Carrier vs Armstrong AC prices, pros and cons
Once you compare Carrier vs. Armstrong AC products and find a contractor to install those products, you'll start enjoying your summer faster that you thought possible.
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Adding central air to your home isn't as easy as purchasing a window unit. Yet it is a lot more economical over the long haul. Do a Carrier vs. Armstrong AC comparison to review different products and pricing.
Carrier air conditioners
When comparing Carrier vs. Armstrong AC products, you might find that Carrier offers some more affordable options. Its Infinity Series is its top-of-the-line option with seasonal energy efficiency ratios of up to 21.
The Comfort Series is its most affordable option, and these units have seasonal energy efficiency ratio (SEER) ratings up to 16. This number refers to how efficiently the devices run. The higher the SEER, the more you might save on your electric bills.
The Comfort Series air conditioners start at around $2,000 and can cost up to $6,000. While the Infinity Series ranges from $3,750 to around $8,000.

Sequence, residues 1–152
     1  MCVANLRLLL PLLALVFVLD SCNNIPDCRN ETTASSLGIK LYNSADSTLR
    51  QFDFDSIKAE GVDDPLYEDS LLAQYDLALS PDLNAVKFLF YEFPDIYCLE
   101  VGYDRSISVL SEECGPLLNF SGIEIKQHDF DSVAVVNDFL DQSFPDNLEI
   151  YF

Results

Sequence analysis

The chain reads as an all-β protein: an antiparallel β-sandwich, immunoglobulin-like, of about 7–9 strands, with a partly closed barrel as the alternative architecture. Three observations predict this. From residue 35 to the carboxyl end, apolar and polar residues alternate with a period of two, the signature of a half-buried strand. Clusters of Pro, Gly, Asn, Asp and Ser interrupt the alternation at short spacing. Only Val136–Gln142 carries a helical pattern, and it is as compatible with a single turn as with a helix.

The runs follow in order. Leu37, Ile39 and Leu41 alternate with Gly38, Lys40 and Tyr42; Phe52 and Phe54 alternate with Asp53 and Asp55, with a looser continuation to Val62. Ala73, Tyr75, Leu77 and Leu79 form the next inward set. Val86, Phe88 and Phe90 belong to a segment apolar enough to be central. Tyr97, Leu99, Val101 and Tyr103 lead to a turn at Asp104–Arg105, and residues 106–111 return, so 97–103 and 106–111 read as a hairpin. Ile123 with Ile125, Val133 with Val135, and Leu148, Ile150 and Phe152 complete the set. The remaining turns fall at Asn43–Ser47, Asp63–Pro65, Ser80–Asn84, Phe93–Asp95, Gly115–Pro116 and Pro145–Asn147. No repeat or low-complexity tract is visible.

Armstrong air conditioners
Armstrong makes nearly as many air conditioners as Carrier does. The company sells two-stage units that have two different speeds to keep your house cool. They also make single-stage units that are a little cheaper.
The two-stage products have SEERs of 16 to 18. The single-stage units have SEERs of 13 to 14.
Air conditioner prices for single-stage units range from $2,500 to $3,500. While two-stage units can rise closer to $4,000.
Installation and warranty
Before you install air conditioner products, it's important that you talk to a contractor. You cannot install a central air conditioner unless you have experience. Your contractor can even give you an estimate and help you pick the right air conditioner.
Choosing a new AC unit requires looking at the warranty. When you compare Carrier vs. Armstrong AC products, you'll find that both companies offer good warranties.
Carrier will cover your AC for 10 years after you register your device, but you'll only receive five years of coverage if you skip registration. You can also purchase a labor plan that covers installation and labor and transfer your warranty if you sell your house.
Armstrong will cover major parts for up to 10 years, and smaller parts come with a limited warranty. Like Carrier, Armstrong requires that you register your AC.
Search for licensed contractors to get more accurate pricing info and so you don't need to worry about installing the AC yourself. Once you compare Carrier vs. Armstrong AC products and find a contractor to install those products, you'll start enjoying your summer faster that you thought possible.